The movie “Deadpool,” directed by Tim Miller, is a love and revenge story that allows for the comic book character, Deadpool, to come into life in Marvel’s X-men cinematic universe. The story centers around a New York City mercenary, Wade Wilson, aka Deadpool, who sets out to find his arch nemesis and exact revenge on him.
With a budget of only $50 million, (as opposed to the more common $200 million for comic book films) I did not know what to expect from a studio that directed the last summer’s atrocity, “Fantastic Four.” Also, Ryan Reynolds, who plays the current Deadpool, portrayed the “unspoken” version of Deadpool in “X-men Origins: Wolverine,” deepening my concerns. Furthermore, it is released in February, Hollywood’s dumping grounds for trash movies. However, I was blown away by every single minute of the movie. Through this story, we finally see the real Deadpool: the funny, sarcastic, yet psychopathic anti-hero. Miller really delivered a movie that will be talked about all year long.
“Deadpool” is one of the most unorthodox movies I have ever seen. Its opening credits alone (which I am not going to spoil) are enough to show that “Deadpool” is truly different than any other superhero film made to date. It completely throws out Marvel’s safe, money-making superhero formula that gets a PG-13 rating, replacing it with an R-rated screenplay that is not for kids.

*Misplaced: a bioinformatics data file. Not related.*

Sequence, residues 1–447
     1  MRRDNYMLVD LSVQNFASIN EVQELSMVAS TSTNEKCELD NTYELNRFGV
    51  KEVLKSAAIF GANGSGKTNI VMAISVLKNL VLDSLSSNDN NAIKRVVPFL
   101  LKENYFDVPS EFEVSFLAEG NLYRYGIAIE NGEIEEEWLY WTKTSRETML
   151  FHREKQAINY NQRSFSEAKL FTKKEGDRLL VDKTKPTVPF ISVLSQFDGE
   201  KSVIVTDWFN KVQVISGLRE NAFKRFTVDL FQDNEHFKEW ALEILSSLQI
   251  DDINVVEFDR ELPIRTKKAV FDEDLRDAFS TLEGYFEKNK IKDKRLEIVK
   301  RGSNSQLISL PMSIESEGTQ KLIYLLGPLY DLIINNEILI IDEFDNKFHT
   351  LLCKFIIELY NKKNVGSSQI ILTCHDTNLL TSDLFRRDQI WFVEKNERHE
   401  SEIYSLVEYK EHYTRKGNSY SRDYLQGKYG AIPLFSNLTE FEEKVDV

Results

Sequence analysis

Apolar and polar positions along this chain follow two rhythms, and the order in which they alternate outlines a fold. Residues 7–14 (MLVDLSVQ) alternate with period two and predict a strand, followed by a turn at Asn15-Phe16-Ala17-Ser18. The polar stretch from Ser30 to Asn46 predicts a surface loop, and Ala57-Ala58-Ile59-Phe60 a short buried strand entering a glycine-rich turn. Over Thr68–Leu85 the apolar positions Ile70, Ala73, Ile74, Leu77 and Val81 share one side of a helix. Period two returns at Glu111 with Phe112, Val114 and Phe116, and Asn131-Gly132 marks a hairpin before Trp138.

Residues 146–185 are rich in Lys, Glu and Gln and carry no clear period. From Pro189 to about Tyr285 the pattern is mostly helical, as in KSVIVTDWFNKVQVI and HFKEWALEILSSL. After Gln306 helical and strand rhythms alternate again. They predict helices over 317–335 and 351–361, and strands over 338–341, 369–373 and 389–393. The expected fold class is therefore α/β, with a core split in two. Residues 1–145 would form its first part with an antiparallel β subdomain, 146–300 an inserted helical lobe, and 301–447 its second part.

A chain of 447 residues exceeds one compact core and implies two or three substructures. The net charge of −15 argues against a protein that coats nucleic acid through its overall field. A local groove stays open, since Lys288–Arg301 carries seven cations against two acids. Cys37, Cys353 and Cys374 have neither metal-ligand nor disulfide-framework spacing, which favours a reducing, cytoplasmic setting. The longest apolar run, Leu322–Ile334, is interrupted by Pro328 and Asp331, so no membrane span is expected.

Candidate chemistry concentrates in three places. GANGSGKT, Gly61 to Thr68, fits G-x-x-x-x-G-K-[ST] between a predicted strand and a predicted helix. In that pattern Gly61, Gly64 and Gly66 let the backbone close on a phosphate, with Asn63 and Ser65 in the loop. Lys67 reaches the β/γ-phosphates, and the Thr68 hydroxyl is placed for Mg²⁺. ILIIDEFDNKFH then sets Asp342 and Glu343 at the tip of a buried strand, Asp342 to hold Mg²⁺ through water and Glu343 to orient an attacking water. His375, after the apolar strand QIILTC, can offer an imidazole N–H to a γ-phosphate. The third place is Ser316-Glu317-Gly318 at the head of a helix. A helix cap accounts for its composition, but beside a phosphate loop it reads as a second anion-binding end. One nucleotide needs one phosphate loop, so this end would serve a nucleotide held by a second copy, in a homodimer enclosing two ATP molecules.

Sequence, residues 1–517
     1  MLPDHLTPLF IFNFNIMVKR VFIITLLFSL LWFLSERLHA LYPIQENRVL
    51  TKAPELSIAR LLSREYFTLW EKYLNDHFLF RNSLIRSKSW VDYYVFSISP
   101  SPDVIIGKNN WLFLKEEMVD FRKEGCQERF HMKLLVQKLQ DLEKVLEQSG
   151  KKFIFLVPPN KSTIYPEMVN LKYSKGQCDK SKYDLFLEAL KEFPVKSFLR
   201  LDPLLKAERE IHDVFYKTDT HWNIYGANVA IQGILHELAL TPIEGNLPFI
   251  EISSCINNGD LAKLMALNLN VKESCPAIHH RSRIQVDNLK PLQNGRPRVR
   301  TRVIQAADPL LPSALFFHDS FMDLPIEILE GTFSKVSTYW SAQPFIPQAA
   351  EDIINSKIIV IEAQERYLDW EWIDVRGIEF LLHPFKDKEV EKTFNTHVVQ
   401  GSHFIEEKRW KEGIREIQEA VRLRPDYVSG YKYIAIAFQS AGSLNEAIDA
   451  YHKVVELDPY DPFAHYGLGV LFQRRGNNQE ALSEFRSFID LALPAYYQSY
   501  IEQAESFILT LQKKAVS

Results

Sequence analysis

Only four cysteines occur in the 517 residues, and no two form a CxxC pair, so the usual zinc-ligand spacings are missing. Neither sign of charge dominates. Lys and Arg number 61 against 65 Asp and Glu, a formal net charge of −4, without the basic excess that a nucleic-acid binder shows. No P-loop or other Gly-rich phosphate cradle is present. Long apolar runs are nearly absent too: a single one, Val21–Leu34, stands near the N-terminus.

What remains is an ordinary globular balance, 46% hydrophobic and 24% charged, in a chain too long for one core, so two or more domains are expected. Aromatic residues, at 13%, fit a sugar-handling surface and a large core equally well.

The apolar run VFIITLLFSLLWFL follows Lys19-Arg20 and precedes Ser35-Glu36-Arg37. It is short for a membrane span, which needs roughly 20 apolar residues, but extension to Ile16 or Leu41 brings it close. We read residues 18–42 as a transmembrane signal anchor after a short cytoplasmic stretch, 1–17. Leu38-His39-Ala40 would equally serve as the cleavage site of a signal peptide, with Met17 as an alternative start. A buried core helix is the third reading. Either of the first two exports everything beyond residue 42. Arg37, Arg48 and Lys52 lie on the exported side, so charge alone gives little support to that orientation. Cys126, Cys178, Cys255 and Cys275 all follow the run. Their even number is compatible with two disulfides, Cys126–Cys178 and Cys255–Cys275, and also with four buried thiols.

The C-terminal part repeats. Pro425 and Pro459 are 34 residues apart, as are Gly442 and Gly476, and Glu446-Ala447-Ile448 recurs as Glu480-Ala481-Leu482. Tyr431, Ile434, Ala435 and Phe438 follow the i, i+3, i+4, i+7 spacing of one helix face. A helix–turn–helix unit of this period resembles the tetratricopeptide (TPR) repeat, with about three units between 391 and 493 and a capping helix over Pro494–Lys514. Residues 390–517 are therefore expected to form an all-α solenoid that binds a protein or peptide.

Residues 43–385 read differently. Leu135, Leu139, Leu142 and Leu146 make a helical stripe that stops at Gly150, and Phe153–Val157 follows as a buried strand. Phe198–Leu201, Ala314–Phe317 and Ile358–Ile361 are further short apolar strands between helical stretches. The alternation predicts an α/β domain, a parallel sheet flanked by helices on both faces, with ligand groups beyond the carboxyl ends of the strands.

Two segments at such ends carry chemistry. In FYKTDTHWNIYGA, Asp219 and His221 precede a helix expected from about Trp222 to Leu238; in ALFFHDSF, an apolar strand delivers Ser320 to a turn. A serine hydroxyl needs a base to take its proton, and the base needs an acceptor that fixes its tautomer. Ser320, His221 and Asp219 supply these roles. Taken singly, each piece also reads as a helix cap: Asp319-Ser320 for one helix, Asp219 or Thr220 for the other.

The directing of “Deadpool” is incredible. The movie is very fast paced without a single dull moment. It was when I left the movie theater that I realized I did not dislike anything about this movie. The action sequences alone would make even anybody who knows nothing of Deadpool want to know more. The action is directed extremely well, better than some of the big budgeted action films like “Fantastic Four.” Because there is no shaky camera work or an overabundance of cuts; the movie flows smoothly.
Despite its relatively low budget, “Deadpool” took advantage of incorporating action sequences and characters with CGI (computer-generated imagery) making it look believable, an area where a lot of big budgeted films struggle. For example, the character Colossus was incredibly well made in “Deadpool” using CGI. I thought Colossus was real for a second, which tells you something about the team behind this well rounded CGI.
“Deadpool” deserves nothing but praise and admiration. Without a doubt, “Deadpool” is an A+ movie. I encourage everyone who loves comic books to go see it.